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PACIFIC COUNTY PRESS

2018 Visitors Guide Bay Center • Grayland Long Beach • Menlo North Cove • Ocean Park Raymond • South Bend Tokeland • Westport

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2018 Visitor’s Guide

Pacific County Press

Leave the driving to us! The Pacific Transit System began operating in January of 1980. Members of the board of directors are Long Beach Mayor Jerry Phillips, Mayor of South Bend Julie Struck, Mayor of Ilwaco Gary Forner, Raymond Mayor Tony Nordin and Pacific County Commissioners Lisa Ayers, Lisa Olson and Frank Wolfe. Mayor Phillips serves as board chairman. The Transit director is Richard Evans. Pacific Transit has 22 employees. In 2017 the business operated more than 434,000 miles in Pacific County and provided more than 124,000 passenger trips. Since they began, Pacific Transit has traveled more than eight million miles and has provided over five million passenger trips to the citizens of Pacific County. A modern fleet of buses provides extensive service at modest rates throughout the county.

Ride the Bus and See More of Pacific County Tour Pacific County with US! We route directly by or within easy access of all the fun and historic places of interest.

• Pacific County Courthouse • Fine Museums • Cranberry Bogs • The Ports • The State and County Parks • Centennial Murals • Lewis & Clark Interpretive Center • Informational Kiosks • The Peninsula’s 28 Miles of Beach • The Canneries • Many Fine Restaurants & Shops • Historical Statues of People and Industries which have made this State and County Great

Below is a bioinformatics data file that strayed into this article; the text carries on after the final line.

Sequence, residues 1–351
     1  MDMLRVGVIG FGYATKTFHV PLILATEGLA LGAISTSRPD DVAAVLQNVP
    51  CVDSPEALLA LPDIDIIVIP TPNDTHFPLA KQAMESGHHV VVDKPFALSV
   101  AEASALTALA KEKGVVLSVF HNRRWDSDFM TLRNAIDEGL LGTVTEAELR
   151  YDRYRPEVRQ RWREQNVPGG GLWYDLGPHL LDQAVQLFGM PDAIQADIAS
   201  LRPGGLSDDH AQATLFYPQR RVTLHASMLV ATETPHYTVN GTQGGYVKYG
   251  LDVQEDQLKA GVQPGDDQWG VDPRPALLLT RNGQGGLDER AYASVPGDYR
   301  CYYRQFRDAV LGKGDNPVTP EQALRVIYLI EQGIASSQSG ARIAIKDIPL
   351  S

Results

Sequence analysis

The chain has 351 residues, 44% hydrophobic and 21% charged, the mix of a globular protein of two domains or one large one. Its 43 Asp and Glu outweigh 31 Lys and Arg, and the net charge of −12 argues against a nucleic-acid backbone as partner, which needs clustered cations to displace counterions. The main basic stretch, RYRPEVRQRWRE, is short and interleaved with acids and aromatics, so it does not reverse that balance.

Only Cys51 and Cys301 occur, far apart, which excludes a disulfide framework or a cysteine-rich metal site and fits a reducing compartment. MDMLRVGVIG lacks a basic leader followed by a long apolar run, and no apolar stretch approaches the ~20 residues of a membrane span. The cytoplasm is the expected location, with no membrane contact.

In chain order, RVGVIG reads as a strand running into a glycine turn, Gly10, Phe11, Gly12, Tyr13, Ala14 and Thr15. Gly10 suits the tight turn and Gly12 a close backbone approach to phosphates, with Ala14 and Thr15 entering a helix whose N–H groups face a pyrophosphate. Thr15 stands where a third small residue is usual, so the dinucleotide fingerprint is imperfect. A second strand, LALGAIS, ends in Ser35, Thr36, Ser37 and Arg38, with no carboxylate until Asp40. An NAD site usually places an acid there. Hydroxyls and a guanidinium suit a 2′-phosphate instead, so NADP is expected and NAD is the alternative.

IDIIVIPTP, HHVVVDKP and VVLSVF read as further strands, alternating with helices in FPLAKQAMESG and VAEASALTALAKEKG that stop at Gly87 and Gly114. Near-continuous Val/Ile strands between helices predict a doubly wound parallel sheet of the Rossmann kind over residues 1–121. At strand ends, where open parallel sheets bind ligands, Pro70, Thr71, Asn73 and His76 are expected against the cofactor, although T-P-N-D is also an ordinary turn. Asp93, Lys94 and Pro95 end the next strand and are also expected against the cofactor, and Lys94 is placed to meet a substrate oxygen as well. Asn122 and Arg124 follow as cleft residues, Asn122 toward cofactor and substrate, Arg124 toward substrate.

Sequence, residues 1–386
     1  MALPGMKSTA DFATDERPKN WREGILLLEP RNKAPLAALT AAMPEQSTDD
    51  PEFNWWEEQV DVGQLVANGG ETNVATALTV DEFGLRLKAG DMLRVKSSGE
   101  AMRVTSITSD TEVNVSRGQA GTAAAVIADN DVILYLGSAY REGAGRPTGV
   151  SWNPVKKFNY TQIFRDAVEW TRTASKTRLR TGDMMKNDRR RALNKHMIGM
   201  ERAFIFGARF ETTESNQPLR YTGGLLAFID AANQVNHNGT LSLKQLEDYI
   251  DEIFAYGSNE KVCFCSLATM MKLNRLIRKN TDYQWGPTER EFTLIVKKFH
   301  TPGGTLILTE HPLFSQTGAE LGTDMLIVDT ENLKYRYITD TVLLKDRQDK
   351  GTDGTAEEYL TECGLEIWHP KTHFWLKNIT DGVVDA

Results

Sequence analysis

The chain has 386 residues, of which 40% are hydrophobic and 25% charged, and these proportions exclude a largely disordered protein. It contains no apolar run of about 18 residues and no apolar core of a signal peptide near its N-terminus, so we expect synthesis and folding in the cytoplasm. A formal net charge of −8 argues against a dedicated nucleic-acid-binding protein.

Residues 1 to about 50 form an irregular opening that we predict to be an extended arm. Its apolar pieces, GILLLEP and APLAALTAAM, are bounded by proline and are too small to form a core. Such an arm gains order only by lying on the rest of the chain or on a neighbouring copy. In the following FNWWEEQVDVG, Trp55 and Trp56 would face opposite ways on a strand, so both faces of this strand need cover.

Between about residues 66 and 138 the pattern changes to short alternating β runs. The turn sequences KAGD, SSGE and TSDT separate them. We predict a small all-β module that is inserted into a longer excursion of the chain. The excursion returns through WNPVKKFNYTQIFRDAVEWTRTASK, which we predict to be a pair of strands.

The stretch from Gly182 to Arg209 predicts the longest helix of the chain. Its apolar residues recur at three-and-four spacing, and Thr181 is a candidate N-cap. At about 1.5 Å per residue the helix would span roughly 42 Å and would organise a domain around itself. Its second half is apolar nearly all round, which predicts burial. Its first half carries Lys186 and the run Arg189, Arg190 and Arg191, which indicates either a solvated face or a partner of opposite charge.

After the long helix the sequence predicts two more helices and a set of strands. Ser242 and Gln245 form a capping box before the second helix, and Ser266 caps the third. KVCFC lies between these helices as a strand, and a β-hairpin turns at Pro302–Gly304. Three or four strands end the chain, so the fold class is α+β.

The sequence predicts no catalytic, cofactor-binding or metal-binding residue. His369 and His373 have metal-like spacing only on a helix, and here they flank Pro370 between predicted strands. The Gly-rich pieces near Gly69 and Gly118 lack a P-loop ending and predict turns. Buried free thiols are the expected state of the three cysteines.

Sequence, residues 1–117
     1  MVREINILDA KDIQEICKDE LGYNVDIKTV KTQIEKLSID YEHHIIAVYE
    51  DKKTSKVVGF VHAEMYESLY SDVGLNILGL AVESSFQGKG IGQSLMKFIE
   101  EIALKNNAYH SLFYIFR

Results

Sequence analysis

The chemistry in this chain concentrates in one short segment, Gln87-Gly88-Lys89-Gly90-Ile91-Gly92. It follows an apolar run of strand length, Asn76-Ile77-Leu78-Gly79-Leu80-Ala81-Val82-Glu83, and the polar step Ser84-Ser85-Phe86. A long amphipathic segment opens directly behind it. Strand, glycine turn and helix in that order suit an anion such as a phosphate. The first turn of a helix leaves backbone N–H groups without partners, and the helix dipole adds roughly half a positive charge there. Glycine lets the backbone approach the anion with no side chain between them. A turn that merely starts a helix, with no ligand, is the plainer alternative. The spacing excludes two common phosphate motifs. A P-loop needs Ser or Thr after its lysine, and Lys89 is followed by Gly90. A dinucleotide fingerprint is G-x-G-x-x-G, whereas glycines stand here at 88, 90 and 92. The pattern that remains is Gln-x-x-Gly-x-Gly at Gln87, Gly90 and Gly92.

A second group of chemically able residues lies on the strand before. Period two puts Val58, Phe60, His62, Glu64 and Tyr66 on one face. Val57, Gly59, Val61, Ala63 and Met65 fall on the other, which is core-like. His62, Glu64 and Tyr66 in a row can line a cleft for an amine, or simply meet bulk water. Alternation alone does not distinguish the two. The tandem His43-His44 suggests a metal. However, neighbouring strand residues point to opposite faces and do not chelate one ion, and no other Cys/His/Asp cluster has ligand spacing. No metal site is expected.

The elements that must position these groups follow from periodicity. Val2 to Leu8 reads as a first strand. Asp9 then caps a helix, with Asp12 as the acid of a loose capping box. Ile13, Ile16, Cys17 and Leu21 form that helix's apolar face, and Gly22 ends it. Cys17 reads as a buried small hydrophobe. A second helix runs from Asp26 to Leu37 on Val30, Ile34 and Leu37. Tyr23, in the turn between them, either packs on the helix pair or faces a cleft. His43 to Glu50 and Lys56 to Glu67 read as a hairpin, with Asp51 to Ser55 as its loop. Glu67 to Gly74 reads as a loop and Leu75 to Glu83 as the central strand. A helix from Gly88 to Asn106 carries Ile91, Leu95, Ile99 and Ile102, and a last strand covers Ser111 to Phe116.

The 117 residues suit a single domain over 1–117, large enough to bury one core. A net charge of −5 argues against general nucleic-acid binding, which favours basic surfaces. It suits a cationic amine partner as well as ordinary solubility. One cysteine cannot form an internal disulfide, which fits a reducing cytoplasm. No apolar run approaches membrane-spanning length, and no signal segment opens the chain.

Passes available for daily or monthly rides Ride the Bus and leave the driving to us! Protect local jobs... Shop Locally!

No service on Memorial Day, 4th of July, Labor Day, Thanksgiving, Christmas, and New Year’s Day.

Raymond-South Bend Area 360-875-9418 Long Beach Peninsula Area 360-642-9418


Pacific County Press

2018 Visitors Guide

Westport is famous all over the world as a great place to catch the big one, whether it be a salmon or a wave.

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Grayland and North Cove have beautiful secluded beaches that are known for excellent clam digging. Check with Washington State Department of Fish & Wildlife for shellfish seasons.

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US

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Tokeland was named after the Shoalwater Chief Toke of the Chehalis Tribe, who used the land as his summer home. Tokeland is now home to many artists, fishermen, and the Shoalwater Bay Reservation. Stop here for some great seafood. Raymond is the gateway to the Willapa. Set in the midst of lush forests, Raymond has a rich history as a lumber town.

Bay Center is a picturesque fishing village on the Goose Point Peninsula, about 12 miles south of South Bend. Bay Center is famous for its oyster and crab canneries.